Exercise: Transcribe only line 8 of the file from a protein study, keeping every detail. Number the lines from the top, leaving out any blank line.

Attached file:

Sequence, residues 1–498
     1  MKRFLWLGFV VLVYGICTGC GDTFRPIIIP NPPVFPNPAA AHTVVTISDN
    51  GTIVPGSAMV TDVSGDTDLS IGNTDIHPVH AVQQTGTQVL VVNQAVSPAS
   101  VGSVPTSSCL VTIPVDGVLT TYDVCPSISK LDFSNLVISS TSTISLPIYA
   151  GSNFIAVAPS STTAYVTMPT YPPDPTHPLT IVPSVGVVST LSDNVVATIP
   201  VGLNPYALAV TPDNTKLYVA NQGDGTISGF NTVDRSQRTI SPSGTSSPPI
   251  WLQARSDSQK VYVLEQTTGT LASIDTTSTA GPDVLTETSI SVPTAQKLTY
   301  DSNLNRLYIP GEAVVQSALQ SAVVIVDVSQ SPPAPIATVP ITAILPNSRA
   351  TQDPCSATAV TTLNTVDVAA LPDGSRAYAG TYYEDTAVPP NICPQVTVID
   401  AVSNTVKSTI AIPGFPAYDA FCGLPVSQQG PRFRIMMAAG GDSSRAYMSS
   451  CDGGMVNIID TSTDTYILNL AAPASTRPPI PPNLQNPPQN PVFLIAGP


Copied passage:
   301  DSNLNRLYIP GEAVVQSALQ SAVVIVDVSQ SPPAPIATVP ITAILPNSRA